Proximo

Posted: Aug 25, 2009
Score: -1



Posted by wjlynch:
Proximo,

Count me as another who is very grateful for the knowledge you are sharing. I have been using Toodledo for a very long time and am also a disciple of GTD, but you have opened up my eyes to a whole new way of managing my tasks.

One question for you if you don't mind as I am a bit stuck... For work, I have many projects that have many subtasks that all need to be completed in a certain time frame or deadline date. So I can't really get away from assigning deadline dates or I will be totally lost. Right now I have all my work tasks in the "Actions" folder with deadline dates. Wondering if I should move them all over to the "Projects" folder or "Tickler" folder? Any suggestions would be appreciated. Tough to get away from using dates when everything is time sensitive.


I personally put all my Projects in the "Projects" folder with their sub-task below. The sub-task are not just normal actions that would show up on my "Actions" folder. They are steps of a Project and will show only in the Projects Folder view.

By using the Star, I can clearly mark all the sub-task that are currently Next Actions and have them show up in my "Next Actions - Work" custom search view.

The sub-task all show up on the search as individual task but in the Projects half of the view as shown in my video, while the individual Actions show up in their section.

This makes things clear and prevents anything from escaping my attention.

As for deadline dates, I assume you are using "Due Dates" to control this. If your sub-task need to be completed in a certain date, you should assign Due Dates to them.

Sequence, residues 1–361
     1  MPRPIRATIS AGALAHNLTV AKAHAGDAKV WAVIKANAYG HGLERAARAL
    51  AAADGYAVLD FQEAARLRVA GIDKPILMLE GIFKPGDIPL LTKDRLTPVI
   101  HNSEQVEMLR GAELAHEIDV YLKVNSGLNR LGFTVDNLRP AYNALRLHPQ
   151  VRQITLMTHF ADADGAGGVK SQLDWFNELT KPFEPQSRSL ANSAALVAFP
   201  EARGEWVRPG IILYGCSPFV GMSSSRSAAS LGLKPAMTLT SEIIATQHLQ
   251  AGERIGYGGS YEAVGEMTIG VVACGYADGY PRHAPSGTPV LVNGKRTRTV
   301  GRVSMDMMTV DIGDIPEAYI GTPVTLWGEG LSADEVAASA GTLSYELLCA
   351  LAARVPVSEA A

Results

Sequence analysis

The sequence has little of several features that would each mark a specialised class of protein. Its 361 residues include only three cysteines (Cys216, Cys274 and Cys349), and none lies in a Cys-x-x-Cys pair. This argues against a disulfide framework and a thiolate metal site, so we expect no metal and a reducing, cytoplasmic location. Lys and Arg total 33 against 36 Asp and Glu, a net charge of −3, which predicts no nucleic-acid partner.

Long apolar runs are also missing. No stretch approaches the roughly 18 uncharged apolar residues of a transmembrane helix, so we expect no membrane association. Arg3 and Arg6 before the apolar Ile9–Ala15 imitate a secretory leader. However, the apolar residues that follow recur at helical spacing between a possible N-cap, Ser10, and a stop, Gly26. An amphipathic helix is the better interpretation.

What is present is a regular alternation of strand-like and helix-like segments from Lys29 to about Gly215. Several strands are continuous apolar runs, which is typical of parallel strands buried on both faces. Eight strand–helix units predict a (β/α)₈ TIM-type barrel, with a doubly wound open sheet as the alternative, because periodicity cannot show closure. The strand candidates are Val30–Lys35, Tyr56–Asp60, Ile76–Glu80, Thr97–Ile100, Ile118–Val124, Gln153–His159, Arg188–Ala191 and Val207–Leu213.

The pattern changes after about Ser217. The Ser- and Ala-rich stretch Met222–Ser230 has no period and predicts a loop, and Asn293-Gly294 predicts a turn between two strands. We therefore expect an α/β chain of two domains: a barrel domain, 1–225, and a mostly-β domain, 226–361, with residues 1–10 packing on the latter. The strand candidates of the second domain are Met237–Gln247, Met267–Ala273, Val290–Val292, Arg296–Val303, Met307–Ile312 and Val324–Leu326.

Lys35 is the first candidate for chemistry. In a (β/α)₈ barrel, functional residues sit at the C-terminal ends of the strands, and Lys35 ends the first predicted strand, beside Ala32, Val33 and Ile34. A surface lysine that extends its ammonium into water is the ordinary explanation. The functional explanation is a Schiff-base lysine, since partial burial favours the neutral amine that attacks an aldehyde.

Due Dates are perfectly fine to use when the Actions or Sub-task for Projects have deadlines. That is the purpose.

The only thing I caution people on, is using Due Dates when the Individual Actions or Sub-task are not truly due on a particular date. This leads to pushing back the dates when you don't accomplish things in time and leads to procrastination.

This is where David Allen calls the Calendar sacred. You should never have a Due Date set unless it's truly due on that date.

If this is the case, you should put due dates on your task.

This is where I wish Toodledo would implement simple reminders that are not based on Start dates or Due Dates. I hope this get's updated in the near future.


This message was edited Aug 25, 2009.
Robert

Posted: Aug 25, 2009
Score: 1



I just started using Toodledo and am also completely new to GTD principles, so perhaps I am missing something simple here. Proximo, I was wondering why you decided to track the Status of the tasks by using the custom defined FOLDERS...

1. Inbox
2. Actions
3. Projects
4. Waiting For
5. Someday/Maybe
6. Ticklers

...if there is already a STATUS field offering these pre-defined choices:

None
Next action
Active
Planning
Delegated
Waiting
Hold
Postponed
Someday
Cancelled
Reference

Well, there seem to be some non-standard GTD choices in this list which may annoy the GTD-purists, but by using the built-in STATUS function one could free the Folders function to be used for something else, e.g. for Project names as some users seem to do, or for "Work"/"Private" etc.

Before I start building my GTD system using Toodledo - initially perhaps simply by following proximo's set-up :), I would really appreciate some thoughts on my "custom FOLDERS vs. built-in STATUS" dilemma.


This message was edited Aug 25, 2009.
stephenmford

Posted: Aug 25, 2009
Score: -1



Proximo,

Love the videos and system. It isn't so much what you are doing that is insightful, but what you are NOT doing that has helped.

I'm missing one thing. If items under projects are just projects, and the subtasks are really subprojects, and items under actions are just actions, I don't see a way to do a search that will show me actions on one project. It looks like ALL your actions are dumped and mixed into one folder.

I'm thinking tags would be needed to "link" the two together or am I making this too complicated?

Thanks again.